Landscape pros found their calling in high school Email
Tuesday, March 21, 2017 07:00 AM

HS students learn from an ALCC proA poll conducted by Associated Landscape Contractors of Colorado in late 2016 revealed some interesting facts about how Colorado professionals found their way into the landscape industry.

Many started in high school
Perhaps the most compelling statistic reveals 58% of respondents had landscape experience in and around high school years. This applies to longtime pros as well as newbies. Only a handful grew up in family landscape businesses.

Some were doing industry work as early as middle school and others got started in early college years. “I was mow-ing lawns since I was 10 years old,” said one. Said another, “When I was 12, I began delivering newspapers. But a number of my customers asked me to mow their lawns and shovel snow. I performed the services for a few of my best customers and made 5-6 times what I was making on the paper route.”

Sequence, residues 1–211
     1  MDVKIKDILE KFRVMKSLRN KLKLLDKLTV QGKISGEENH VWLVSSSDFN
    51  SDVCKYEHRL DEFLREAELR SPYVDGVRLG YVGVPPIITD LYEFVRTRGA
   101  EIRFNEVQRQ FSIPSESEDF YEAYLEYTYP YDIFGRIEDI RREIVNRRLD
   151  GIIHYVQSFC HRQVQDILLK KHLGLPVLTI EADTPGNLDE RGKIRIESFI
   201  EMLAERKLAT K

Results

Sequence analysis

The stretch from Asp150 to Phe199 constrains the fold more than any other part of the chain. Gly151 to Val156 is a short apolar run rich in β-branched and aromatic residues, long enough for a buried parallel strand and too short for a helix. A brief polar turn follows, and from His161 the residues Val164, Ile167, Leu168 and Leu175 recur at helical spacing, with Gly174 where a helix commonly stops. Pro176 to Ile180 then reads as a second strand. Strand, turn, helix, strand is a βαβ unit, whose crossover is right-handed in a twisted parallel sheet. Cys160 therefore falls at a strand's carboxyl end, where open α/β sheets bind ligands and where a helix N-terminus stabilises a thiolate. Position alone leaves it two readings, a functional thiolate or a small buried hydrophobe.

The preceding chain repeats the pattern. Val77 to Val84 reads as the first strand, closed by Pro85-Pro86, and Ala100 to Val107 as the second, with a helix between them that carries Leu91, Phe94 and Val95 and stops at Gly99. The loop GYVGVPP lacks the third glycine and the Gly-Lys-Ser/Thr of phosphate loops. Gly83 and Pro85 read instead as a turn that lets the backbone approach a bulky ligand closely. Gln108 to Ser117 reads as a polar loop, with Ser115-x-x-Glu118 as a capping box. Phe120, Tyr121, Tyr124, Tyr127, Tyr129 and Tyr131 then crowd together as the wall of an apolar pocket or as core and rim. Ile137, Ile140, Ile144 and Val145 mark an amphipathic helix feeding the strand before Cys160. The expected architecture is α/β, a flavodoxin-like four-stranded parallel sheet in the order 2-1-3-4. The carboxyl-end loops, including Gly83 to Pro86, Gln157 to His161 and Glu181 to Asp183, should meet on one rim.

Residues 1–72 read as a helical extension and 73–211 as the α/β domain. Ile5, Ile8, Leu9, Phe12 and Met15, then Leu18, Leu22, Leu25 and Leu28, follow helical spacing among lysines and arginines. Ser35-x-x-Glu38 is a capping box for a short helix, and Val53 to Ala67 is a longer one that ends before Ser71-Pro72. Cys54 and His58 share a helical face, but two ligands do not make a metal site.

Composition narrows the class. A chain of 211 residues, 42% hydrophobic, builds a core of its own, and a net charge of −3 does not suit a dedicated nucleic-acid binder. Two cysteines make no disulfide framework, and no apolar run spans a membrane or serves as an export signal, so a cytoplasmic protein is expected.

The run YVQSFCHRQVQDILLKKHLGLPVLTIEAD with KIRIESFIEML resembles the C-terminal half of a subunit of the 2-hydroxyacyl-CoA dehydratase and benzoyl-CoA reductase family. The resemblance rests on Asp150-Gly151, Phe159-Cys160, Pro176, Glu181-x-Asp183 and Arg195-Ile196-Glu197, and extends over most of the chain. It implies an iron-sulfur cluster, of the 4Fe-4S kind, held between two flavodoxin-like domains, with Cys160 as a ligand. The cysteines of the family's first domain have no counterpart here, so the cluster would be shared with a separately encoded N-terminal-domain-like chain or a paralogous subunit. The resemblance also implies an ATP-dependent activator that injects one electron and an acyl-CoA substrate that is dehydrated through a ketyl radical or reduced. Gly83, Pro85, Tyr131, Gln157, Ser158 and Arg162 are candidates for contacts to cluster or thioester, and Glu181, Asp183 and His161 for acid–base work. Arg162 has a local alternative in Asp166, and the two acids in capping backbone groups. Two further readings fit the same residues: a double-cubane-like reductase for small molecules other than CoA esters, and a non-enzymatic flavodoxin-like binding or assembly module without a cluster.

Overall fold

Some found a career on the links
About 13 percent of these young workers gained experience on golf courses. “I started as a golf caddy at age 10 and at 16, I took a job on the grounds crew on the same course.” He went on to earn a horticulture degree and has been an industry pro for nearly 30 years.

They enjoy the variety of opportunities
Here’s the story from a woman who loved sports, flowers and gardening growing up. “In high school, I took a drafting class as it sounded like fun and a combination of math and art. My junior year, I started researching careers and when I stumbled upon landscape architecture, I was sold. I could design parks, soccer fields and flower gardens. SOLD!”

The take away? This 58% statistic is particularly relevant now that the industry is working hard to build a career pathway to recruit high school students. This stat reminds us that high school years are pivotal and present opportunities for pros to share their own stories and involve young people in what they do.

This story appeared as part of the article "How Did Colorado Landscape Pros Get Here?" in the January/February 2017 issue of Colorado Green. ALCC members can access this issue and more in the Colorado Green online archives.

Read more in this issue of Colorado Green NOW:
Soft skills matter in Courtney Mayo's classroom
Contact 811 three business days before digging
Court case demonstrates the importance of language and grammar in HR documents
GreenCO issues statement on construction defects bill